On this segment of The Future of Travel series (Part 1: End-toEnd Wi-Fi and Part 2: Flying Thinner, Longer Routes), I thought it would be interesting to look at another potential innovation that is starting to crop up on high-demand routes and airports — the existence of all business class flights and premium passenger terminals.
A Brief History Lesson
The first all-business class planes were, of course, the Concorde. Built as a partnership between the UK and French governments with British Airways and Air France as anchor airlines, the Concorde could fly New York and Washington DC to Paris and London in 3 and a half hours – cruising at roughly Mach 2.0. Many other routes were chartered and explored, though most didn’t stick due to noise complaints and operating costs. Service was similar to business class at the time, but with first class ticket prices. Sadly, due to the 1973 oil crisis, where the price of oil increased by nearly 4x, most subsequent orders were cancelled in the next few months and supersonic travel never took off.
Fast forward to the early 2000’s, Singapore Airlines had two non-stop flights from their hub in Singapore to both Los Angeles and Newark. At the time they were the longest flights in the world and were operated by an a340-500, due to the added safety over open water with four engines and the aircraft’s impressive range. To make the weight calculations work, Singapore configured the aircraft to have just 100 business class seats, rather than the typical 300-330 you see on most a340-500s. Business travelers loved it, since it skipped a connection in Hong Kong or Seoul, but as fuel prices rose, Singapore cancelled the flights and sold the planes.
A Differentiated Future?
Now, with oil at fairly low prices, we’re starting to see all-business class flights pop up on routes like London – New York (British Airways, La Compagnie), New York-Paris (La Compagnie) and London – Doha (Qatar Airways) and companies like Boom at cutting contracts with the Virgin Group to offer supersonic business class flights that halve the travel time of transoceanic travel. They’re betting that people will be willing to pay $5000 to fly from New York to London in 3 hours and 15 minutes, similar to the Concorde.
Furthermore, as airlines try to differentiate themselves with additional services like chauffeur transfers and tarmac rides in sedans, the incentive to simply create their own premium building on airport property will give them much more control over aspects like staffing ratios, security, duty free sales and boarding. By controlling the experience, like Lufthansa does with the First Class Terminal in Frankfurt and Emirates does with separate floors for business and first class passengers in the a380 terminal in Dubai, airlines can better manage expectations and lines — though it begs the question whether sequestering luxury travelers from coach flyers would be good optics or PR. For a more convenient and luxurious mode of travel, passengers may take advantage of using luxury transportation and consider being members of a Private Plane Charter Program.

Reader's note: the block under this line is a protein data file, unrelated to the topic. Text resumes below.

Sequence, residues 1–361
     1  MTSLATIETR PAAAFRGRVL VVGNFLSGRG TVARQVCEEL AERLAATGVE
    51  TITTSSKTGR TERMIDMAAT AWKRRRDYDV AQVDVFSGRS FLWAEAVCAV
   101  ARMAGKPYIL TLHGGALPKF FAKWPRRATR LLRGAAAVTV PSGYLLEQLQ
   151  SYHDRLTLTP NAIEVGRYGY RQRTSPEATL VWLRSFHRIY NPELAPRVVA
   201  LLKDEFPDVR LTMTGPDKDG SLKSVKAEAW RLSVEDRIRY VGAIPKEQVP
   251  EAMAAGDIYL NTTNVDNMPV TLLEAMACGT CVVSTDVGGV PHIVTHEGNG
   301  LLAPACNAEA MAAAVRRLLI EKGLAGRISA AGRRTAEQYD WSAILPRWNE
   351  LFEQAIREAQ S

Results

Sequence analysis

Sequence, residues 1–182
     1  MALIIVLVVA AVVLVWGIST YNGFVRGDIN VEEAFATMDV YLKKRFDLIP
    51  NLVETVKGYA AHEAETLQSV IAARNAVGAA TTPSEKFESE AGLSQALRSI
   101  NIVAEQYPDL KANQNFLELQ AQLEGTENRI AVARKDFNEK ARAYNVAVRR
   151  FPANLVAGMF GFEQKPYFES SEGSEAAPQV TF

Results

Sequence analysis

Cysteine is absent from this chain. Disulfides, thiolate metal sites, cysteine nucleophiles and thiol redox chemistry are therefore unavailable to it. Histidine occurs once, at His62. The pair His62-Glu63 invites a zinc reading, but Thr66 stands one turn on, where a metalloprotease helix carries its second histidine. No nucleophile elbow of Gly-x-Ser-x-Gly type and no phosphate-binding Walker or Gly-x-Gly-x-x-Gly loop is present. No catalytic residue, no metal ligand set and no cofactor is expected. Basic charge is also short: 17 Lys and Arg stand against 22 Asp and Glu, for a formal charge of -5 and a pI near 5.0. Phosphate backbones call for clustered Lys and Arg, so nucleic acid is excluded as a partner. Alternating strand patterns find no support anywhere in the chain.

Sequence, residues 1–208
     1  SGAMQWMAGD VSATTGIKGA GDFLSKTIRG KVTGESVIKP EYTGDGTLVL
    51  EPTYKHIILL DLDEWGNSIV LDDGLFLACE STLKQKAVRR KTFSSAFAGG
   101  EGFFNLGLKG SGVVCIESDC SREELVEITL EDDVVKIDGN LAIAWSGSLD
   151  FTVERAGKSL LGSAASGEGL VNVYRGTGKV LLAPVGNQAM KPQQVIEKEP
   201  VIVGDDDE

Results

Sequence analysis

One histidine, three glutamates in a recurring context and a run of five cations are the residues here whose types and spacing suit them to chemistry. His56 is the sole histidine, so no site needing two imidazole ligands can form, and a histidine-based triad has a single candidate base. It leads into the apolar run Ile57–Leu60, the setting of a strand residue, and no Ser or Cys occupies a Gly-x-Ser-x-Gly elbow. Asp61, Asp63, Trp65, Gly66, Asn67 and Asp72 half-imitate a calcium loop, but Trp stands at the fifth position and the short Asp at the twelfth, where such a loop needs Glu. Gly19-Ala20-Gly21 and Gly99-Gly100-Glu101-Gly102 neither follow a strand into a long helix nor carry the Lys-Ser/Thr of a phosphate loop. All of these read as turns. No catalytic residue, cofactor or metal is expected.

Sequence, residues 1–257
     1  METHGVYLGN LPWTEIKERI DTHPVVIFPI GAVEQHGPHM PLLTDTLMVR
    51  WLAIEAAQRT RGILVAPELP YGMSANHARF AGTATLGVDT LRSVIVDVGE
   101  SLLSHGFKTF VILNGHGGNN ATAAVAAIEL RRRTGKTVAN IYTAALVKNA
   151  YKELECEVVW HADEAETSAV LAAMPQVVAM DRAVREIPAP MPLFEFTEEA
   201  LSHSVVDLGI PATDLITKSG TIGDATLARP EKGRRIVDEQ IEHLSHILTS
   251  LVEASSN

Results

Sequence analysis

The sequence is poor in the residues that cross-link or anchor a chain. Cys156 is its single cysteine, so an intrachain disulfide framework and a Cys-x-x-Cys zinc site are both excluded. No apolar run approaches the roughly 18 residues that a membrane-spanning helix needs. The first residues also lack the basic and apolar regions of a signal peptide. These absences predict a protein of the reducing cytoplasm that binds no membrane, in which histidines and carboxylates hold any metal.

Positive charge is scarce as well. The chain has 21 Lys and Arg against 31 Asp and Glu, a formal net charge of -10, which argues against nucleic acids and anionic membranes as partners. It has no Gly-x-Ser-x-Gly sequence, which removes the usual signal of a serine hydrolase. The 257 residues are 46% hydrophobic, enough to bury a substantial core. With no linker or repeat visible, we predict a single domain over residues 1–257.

A study conducted by the University of Toronto concluded that air rage incidents were 4 times as likely on planes with a first class cabin (especially if economy passengers had to walk through it to board the plane) than on planes with an all-economy configuration. Many low cost carriers forego a forward cabin entirely, so if coach is a race to the bottom, maybe this opens up a market for an all-business class airline to cherry-pick routes between wealthy cities with healthy business demand.
How do you see this bifurcation play out? Will passengers demand more and more variations in experience at different price points?
Are we seeing air travel turn a corner, much like how automobiles went from Model T’s (you can have it in any color, as long as it’s black) to sportscars, minivans and sedans?
Will sequestering luxury travels drive governmental policy responses in the form of higher taxes (like the UK’s Air Passenger Duty, which is tiered by distance and cabin of service)?
Start the discussion below!